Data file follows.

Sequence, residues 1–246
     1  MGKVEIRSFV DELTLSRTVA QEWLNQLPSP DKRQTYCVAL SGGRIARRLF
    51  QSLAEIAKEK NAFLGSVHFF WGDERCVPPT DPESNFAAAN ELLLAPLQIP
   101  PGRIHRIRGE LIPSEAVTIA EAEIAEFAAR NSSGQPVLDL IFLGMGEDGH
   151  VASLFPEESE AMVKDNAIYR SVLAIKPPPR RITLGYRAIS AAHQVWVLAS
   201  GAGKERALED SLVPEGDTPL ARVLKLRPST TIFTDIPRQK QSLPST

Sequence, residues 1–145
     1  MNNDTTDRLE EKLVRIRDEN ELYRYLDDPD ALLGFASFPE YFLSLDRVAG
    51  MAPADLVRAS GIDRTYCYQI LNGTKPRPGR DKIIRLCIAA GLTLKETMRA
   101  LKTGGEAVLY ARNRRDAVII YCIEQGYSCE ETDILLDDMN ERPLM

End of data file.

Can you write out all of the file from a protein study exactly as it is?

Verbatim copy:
Sequence, residues 1–246
     1  MGKVEIRSFV DELTLSRTVA QEWLNQLPSP DKRQTYCVAL SGGRIARRLF
    51  QSLAEIAKEK NAFLGSVHFF WGDERCVPPT DPESNFAAAN ELLLAPLQIP
   101  PGRIHRIRGE LIPSEAVTIA EAEIAEFAAR NSSGQPVLDL IFLGMGEDGH
   151  VASLFPEESE AMVKDNAIYR SVLAIKPPPR RITLGYRAIS AAHQVWVLAS
   201  GAGKERALED SLVPEGDTPL ARVLKLRPST TIFTDIPRQK QSLPST

Sequence, residues 1–145
     1  MNNDTTDRLE EKLVRIRDEN ELYRYLDDPD ALLGFASFPE YFLSLDRVAG
    51  MAPADLVRAS GIDRTYCYQI LNGTKPRPGR DKIIRLCIAA GLTLKETMRA
   101  LKTGGEAVLY ARNRRDAVII YCIEQGYSCE ETDILLDDMN ERPLM